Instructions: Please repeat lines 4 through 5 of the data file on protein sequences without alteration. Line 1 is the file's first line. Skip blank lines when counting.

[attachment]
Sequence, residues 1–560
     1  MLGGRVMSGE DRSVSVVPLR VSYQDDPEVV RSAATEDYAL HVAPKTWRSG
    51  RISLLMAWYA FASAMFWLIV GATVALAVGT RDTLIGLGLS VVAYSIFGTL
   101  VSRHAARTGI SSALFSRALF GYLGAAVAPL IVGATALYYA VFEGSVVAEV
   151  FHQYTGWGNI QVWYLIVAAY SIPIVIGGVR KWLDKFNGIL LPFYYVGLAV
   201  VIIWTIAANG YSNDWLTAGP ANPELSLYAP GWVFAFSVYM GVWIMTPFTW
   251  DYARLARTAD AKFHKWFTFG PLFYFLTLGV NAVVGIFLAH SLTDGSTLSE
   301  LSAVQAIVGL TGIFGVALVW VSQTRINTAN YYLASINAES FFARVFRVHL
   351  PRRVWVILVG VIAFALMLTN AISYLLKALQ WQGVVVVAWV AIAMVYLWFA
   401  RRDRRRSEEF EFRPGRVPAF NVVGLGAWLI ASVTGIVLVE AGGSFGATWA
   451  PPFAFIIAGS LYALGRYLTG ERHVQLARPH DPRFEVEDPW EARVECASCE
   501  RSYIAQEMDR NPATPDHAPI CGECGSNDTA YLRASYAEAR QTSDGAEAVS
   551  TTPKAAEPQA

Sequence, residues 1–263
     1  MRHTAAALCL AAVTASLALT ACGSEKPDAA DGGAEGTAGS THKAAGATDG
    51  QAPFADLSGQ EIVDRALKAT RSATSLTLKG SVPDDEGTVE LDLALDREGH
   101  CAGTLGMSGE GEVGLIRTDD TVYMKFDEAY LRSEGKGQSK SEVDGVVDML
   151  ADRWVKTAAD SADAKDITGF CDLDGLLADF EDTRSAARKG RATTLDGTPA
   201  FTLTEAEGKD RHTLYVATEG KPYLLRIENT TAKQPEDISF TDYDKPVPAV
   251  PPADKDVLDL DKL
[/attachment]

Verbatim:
   101  VSRHAARTGI SSALFSRALF GYLGAAVAPL IVGATALYYA VFEGSVVAEV
   151  FHQYTGWGNI QVWYLIVAAY SIPIVIGGVR KWLDKFNGIL LPFYYVGLAV